In the event of mods, they will likely use a namespace other than minecraft:, so the prefix will be required for referring to modded items.


The above will apply to oak stairs that are east or west facing, and are the bottom half. The minecraft: namespace is optional, so it can also be omitted.


This section is about matching strings and values using different matching methods. Strings can be matched in several ways.


Any backslashes must be doubled. Matching backslashes within a regular expression or wildcard must be quadrupled.





  •\\ (for matching \\)

  •\/\\ (missing a backslash)

Exact value

For strings, you may either type the string directly: Letter to Herobrine matches the exact string Letter to Herobrine and nothing else. You may also use the Raw syntax.


Wildcards are shorter versions of regular expressions, in that they only support two unique constructs:

  • The symbol ? matches any text, as long as it exists.

  • The symbol * matches any text, regardless of its presence.

The wildcard * is equivalent to the regular expression .* (0 or more).
The wildcard ? is equivalent to the regular expression .+ (1 or more).

Wildcard patterns must start with either pattern: or ipattern:.


The meanings of ? and * are swapped in contrast to regular expressions. It is unknown if this is a bug.


pattern is case-sensitive.

Example: pattern:*Letter to ?

  • Letter to Herobrine

  • Letter to a creeper

  • My Letter to John (note the uppercase L)

  • letter to Herobrine (case sensitivity)

  • Letter from Herobrine (doesn't match "to")

  • Letter to (doesn't match "?")


ipattern is case-insensitive, meaning that "ABC" and "abc" are viewed the same.

Example: ipattern:*Letter to ?

  • Letter to Herobrine

  • My letter to Herobrine

  • Letter to a creeper

  • letter to Herobrine

  • letter to STEVE!

  • A letter from CJ

  • Letter from Herobrine

Regular expressions

Regular expressions are strings that create "patterns" that other strings can be matched against. Patterns can be as simple as ., to IP address validation. OptiFine supports two types of regular expressions, depending on the case-sensitivity. In addition, OptiFine does not support expression flags.

The syntax understood by OptiFine is the Java syntax. OptiFine regular expressions are not multiline and are not global ("/gm").

Regular expressions must start with either regex: or iregex:.


A regular expression.

Example: regex:Letter (to|from) .*

  • Letter to Herobrine

  • Letter from Herobrine

  • letter to Herobrine (letter case)

  • A Letter to Herobrine (A is not in expression)


iregex is similar to regex, except that it is case-insensitive.

Example: iregex:Letter (to|from) .*

  • Letter to Herobrine

  • Letter from Herobrine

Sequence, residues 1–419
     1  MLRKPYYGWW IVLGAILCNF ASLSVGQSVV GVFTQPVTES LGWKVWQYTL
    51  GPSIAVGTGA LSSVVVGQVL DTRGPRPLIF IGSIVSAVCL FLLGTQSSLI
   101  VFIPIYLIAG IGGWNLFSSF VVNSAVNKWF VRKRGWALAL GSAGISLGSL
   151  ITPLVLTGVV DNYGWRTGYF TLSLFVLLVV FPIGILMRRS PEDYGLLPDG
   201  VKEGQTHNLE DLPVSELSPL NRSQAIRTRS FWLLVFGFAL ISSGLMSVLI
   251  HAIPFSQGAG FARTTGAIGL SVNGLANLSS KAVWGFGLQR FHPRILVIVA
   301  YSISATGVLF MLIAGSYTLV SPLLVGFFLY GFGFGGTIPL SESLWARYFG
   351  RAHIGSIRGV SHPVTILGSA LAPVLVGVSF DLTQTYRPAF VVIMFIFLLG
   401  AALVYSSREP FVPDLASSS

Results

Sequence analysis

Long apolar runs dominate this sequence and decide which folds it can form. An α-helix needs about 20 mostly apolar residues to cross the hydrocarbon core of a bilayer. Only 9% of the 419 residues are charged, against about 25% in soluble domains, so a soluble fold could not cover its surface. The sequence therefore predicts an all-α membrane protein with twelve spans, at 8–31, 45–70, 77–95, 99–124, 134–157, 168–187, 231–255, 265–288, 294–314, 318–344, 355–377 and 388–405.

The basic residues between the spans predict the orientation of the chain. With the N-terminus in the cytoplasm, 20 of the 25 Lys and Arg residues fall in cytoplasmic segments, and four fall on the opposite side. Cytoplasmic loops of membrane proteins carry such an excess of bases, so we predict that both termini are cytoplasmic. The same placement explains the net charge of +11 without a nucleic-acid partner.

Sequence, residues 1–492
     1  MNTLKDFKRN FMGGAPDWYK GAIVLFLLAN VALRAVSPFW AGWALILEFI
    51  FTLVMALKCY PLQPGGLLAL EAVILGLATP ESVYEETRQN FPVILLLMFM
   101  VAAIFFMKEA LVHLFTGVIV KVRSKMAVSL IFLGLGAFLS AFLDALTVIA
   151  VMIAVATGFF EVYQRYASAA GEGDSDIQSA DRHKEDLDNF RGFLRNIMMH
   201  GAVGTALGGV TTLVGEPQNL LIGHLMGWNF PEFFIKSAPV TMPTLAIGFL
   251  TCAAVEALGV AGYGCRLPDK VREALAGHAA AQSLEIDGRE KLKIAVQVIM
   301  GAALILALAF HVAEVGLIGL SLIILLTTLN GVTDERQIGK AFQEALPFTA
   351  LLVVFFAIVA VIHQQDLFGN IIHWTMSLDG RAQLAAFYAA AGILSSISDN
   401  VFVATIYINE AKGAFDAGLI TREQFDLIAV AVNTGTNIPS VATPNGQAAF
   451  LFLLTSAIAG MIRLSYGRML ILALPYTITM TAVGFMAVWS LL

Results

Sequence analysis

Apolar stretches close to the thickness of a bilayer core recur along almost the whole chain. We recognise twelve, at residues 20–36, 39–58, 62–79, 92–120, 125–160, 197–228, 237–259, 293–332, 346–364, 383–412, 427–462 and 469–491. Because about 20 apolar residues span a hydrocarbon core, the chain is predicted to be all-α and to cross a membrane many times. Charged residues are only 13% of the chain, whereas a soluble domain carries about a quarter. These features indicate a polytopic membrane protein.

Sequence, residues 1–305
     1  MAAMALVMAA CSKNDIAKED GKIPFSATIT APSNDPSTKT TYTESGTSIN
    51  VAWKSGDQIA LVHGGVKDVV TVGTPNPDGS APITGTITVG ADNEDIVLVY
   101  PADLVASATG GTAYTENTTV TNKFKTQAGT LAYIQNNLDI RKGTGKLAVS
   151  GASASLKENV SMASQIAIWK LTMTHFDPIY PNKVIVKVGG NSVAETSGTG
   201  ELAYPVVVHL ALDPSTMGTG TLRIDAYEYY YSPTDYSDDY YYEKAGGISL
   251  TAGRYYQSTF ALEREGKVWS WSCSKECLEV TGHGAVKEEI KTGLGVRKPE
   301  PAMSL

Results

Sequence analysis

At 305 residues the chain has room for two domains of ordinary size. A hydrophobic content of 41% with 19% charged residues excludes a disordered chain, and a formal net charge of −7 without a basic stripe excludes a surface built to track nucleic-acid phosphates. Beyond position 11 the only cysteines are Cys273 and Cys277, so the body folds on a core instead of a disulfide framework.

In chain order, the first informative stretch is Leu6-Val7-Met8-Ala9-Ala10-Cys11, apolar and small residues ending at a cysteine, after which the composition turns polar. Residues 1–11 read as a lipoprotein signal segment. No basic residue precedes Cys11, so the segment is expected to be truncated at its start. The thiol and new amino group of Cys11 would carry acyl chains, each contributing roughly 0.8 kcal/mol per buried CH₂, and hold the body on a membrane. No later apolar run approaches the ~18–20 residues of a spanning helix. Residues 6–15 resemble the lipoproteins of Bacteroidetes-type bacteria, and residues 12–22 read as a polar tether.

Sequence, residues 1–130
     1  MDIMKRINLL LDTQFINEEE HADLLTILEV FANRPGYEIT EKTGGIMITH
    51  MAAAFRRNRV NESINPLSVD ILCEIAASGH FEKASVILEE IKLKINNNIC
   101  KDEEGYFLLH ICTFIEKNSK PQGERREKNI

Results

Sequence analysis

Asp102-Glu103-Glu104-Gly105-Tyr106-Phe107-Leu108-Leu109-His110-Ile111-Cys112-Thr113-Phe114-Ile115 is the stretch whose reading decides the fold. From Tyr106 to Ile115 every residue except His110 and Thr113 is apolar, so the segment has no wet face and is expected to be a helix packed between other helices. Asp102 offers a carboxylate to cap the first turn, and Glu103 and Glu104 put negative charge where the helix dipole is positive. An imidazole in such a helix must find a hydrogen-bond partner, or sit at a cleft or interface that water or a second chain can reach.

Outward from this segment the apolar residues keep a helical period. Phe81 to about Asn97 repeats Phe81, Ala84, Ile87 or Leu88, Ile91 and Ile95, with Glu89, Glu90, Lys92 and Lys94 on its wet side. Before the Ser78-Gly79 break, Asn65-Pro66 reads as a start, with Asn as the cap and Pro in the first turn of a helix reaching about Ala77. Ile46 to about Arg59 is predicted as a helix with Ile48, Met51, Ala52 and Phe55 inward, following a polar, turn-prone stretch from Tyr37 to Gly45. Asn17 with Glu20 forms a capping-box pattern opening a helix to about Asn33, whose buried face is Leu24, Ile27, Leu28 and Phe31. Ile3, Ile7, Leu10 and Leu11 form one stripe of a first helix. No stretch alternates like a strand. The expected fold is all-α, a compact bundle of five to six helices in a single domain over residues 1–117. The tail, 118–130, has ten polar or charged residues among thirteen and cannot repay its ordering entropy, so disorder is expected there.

• letter to Herobrine


  • A Letter to Herobrine (A is not in expression)



Numbers can be matched simply by typing the number. Additionally, you can match more than one number as well as a range of numbers with lists and ranges.



There is no range for less than or equal to; use a full range: 0-100, not -100 to match ≤100.

Inclusive ranges between numbers are defined with a - between those digits. If there is no number present on the right side of the -, the range will match to positive infinity.

Ranges can be combined and intermixed with lists.

For example,

# 1, 2, 3

# Multiple ranges
# 1 through 3, or 6, or 8, or 10 through 15
# 1, 2, 3, 6, 8, 10, 11, 12, 13, 14, 15
numbers=1-3 6 8 10-15

# Greater than or equal to
# 100, or 200, or 5340, or 25902, etc.

# Negative number, not a range
# Only matches negative 100, not -4, -7, or -101

Since 1.18 (with OptiFine H5), negative values may be specified also. When used in a range, they must be surrounded by parentheses.

To use negative numbers in a range, parentheses must be around those negative numbers.


These can be combined to create vast ranges of possible numeric values.



range: was added in 1.19.2 I1 pre1.

Ranges of numbers can also be matched by using the range: prefix. They use the same syntax as the above, except they explicitly have range:.



Lists are defined with a space between each number. Multiple values are listed separately, split with spaces.

Each "entry" in the list can be either a single number, or a range.

For example,

numbers=1 2 3 4 5 6
numbers=10 70 23 -6 210
numbers=(-100)-200 500 900-



There is no support for HSL, CMYK, etc.

Color values are specified in hexadecimal RGB format, without the leading hashtag:

# White

# Black

# Red

# Green

# Blue

Blending methods

See also

See Blend modes on Wikipedia for some illustrations.

When two or more textures are combined, OptiFine offers several options for specifying the blending operation.

"This" or "current" texture refers to the texture currently being applied. "Previous" refers to whatever has been rendered so far, which could be a single texture or the result of an earlier blending operation.


Replace the previous layer entirely with the current bitmap. No blending and only simple on/off transparency.


Blend the two textures using this texture's alpha value. This is the most common type of blending.


RGB value > 0.5 brightens the previous image, < 0.5 darkens. color is a synonym for this method.


Add this texture's RGB values multiplied by alpha to the previous layer.


Subtract this texture's RGB values from the previous layer.


Multiply the previous RGB values by this texture's RGB values


Add this texture's RGB values to the previous layer.


\(RGB_{new} = (1 - RGB_{current}) * RGB_{previous}\)


\(RGB_{new} = 1 - (1 - RGB_{current}) * (1 - RGB_{previous})\)

Assumes latest OptiFine version.
Updated to commit 8ed2130d.